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These Woke Liberals Really Want You to Stop Calling Them Woke

Amid a national backlash against wokeness, prominent woke liberals have asked that you please stop calling them that.

SO WHAT

The left isn’t sure whether it wants to change its politics or everyone else’s language.

THE BACKLASH

Whispers of dissent on the left have given way to open anti-woke revolt by congressional Democrats and sympathetic journalists following the party’s election losses last Tuesday and President Joe Biden’s historically low poll numbers.

James Carville, a veteran Democratic strategist, summed up the sentiment during an appearance on “PBS Newshour,” saying, “Well, what went wrong is this stupid wokeness.”

  • “I mean, this defund the police lunacy, this take Abraham Lincoln’s name off of schools, that — people see that,” Carville said. “And we have got to change this and not be about changing dictionaries and change laws.”
  • Merriam-Webster added “woke” to its dictionary in 2017, defining the word as, “aware of and actively attentive to important facts and issues (especially issues of racial and social justice).”

THE BACKLASH TO THE BACKLASH

Many progressive Democratic politicians and sympathetic commentators have made clear that they plan to change both the laws and the dictionaries to serve their socialist-identitarian agenda.

Rep. Alexandria Ocasio-Cortez, D-N.Y., said in an Instagram video that Virginia showed Democrats need to mobilize the “progressive base.”

  • She later added on Twitter that pretty much only “older people,” “James Carville and Fox News pundits” still say “wokeness,” which originated as black activist slang.

Malaika Jabali, an Essence Magazine editor, agreed in the Guardian, “It’s mostly people who don’t understand the original connotation of ‘woke’ who still say woke.’ They can have it. … terms indigenous to our way of thinking or advocating get co-opted and distorted beyond recognition in mainstream society.”

Derecka Purnell, a Guardian U.S. columnist, wrote, “Carville bastardizes the word ‘wokeness,” which black people use to remind each other of “the violence that white people inflict upon us,” such as “demeaning interpersonal interactions” and “structural white supremacist” policies.

Adam Serwer, an Atlantic staff writer, said on Twitter that “woke” often “expresses sentiments the people using it would be uncomfortable articulating directly.”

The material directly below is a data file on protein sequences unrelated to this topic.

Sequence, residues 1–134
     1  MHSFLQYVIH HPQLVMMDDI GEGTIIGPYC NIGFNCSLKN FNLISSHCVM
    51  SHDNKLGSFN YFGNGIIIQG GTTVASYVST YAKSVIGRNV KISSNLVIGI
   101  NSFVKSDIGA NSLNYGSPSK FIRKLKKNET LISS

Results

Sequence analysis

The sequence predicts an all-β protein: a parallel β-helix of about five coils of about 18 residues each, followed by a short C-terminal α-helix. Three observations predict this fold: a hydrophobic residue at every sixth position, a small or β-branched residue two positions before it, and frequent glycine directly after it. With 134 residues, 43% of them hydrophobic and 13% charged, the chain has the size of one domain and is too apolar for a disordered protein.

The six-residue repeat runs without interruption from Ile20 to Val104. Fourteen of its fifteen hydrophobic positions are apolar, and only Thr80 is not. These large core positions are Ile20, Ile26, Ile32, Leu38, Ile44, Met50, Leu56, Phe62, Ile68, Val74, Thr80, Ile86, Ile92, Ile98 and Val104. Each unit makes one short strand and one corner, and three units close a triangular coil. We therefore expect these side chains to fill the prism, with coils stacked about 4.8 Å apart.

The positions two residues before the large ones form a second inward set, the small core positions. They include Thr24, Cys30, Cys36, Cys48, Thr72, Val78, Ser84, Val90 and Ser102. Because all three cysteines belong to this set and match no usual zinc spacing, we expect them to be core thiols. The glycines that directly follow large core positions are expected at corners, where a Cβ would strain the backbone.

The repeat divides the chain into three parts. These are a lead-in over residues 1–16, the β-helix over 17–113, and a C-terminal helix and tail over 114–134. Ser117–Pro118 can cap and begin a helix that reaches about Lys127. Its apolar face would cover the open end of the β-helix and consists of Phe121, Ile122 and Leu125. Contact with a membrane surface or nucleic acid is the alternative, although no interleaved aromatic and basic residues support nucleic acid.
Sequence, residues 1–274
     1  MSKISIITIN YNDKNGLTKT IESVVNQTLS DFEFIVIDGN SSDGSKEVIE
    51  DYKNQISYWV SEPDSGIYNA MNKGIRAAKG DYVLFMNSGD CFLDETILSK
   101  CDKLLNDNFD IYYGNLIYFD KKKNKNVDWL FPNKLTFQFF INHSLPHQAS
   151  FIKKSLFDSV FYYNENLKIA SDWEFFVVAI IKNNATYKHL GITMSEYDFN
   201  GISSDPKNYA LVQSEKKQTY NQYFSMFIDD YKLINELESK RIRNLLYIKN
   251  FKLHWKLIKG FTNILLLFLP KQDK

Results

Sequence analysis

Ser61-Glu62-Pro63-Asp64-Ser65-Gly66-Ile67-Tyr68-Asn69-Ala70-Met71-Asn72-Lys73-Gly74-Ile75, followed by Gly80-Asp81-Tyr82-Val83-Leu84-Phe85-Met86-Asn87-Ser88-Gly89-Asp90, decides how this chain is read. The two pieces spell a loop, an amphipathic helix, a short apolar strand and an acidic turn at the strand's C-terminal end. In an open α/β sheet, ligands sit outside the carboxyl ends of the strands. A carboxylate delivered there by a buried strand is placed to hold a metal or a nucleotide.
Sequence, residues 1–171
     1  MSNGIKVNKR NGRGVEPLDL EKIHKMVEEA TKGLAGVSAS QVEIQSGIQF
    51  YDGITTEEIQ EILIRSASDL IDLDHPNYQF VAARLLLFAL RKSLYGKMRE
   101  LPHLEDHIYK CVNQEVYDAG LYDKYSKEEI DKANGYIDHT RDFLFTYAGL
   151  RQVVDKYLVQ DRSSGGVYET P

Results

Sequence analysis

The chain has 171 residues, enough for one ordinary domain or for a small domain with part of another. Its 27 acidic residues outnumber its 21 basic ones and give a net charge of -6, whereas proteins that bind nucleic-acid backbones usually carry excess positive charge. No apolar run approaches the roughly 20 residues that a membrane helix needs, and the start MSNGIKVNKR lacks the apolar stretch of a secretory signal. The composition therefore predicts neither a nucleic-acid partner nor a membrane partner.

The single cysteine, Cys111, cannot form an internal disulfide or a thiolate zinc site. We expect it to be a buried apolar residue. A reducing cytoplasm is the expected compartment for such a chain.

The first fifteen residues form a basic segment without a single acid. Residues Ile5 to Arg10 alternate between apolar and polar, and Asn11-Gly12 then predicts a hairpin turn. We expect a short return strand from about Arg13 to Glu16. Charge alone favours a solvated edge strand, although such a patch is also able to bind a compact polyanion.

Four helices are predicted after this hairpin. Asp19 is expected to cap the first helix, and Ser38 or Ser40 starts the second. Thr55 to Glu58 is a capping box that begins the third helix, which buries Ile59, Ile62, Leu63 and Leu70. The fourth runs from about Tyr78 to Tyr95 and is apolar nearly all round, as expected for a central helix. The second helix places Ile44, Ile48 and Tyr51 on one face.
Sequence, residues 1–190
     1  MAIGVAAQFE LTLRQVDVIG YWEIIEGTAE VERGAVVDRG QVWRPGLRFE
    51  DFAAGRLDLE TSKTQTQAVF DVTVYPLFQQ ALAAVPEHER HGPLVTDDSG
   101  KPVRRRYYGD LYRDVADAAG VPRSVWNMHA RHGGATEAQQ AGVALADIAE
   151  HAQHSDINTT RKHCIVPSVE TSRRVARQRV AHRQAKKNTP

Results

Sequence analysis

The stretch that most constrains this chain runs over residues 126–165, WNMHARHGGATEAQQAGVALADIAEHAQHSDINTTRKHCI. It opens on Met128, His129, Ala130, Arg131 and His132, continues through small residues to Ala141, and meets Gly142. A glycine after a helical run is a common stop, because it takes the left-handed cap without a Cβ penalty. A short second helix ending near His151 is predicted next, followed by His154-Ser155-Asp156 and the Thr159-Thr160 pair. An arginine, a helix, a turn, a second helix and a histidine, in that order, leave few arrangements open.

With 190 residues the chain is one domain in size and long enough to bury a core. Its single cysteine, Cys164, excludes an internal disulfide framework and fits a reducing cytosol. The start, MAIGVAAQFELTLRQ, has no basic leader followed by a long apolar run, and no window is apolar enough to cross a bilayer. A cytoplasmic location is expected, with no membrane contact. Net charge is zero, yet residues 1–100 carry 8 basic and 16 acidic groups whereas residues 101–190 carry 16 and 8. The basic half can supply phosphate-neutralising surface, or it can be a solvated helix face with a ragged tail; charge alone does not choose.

Joel D. Anderson, a Slate staff writer, tweeted that “woke” is a “racial slur” when used “pejoratively” by anyone who is not black, and, “man, sometimes violenceor threatening it — is the answer, i gotta say.”

THE CHOICE

Critics of wokeness have split over how to respond to demands that they give up the term “woke.”

  • Thomas Chatterton Williams, a contributor to The Atlantic, said in a tweet, “the word ‘woke’ needs to be retired. we need fresher, more specific language.”
  • “Alexandria Ocasio-Cortez is right,” he followed-up in the Guardian. “Fairly or not, ‘woke’ and ‘wokeness’ now overwhelmingly signal that you’re not fundamentally interested in that rhetorical labor, and those who need the most convincing give themselves permission to stop paying attention.”
  • Batya Ungar-Sargon, a Newsweek opinion editor, tweeted, “I’m happy to cede the word woke. Just tell me what to call views like Defund the Police or open the border or SATs are white supremacy, which flatter affluent liberals at the expense of working class people of all races. I will debate these views in whatever terms are acceptable.”
  • Freddie deBoer, a popular socialist writer, wrote a Substack post headlined “Please Just F*cking Tell Me What Term I Am Allowed to Use for the Sweeping Social and Political Changes You Demand.”

But others — including Quillette editor Colin Wright, mathematician James Linsday, former math teacher Paul Rossi and Claremont Institute editor Spencer A. Klavan — have argued against letting progressives once again change the terms of debate.

Christina Hoff Sommers, a conservative philosopher, sought to bridge the gap with some alternative terms for wokeness.
  • “Possible, albeit not perfect, alternatives,” she tweeted, “Neo-racism. Kendi-DiAngeloism. Or just IBS—short for intersectional bullshit.”

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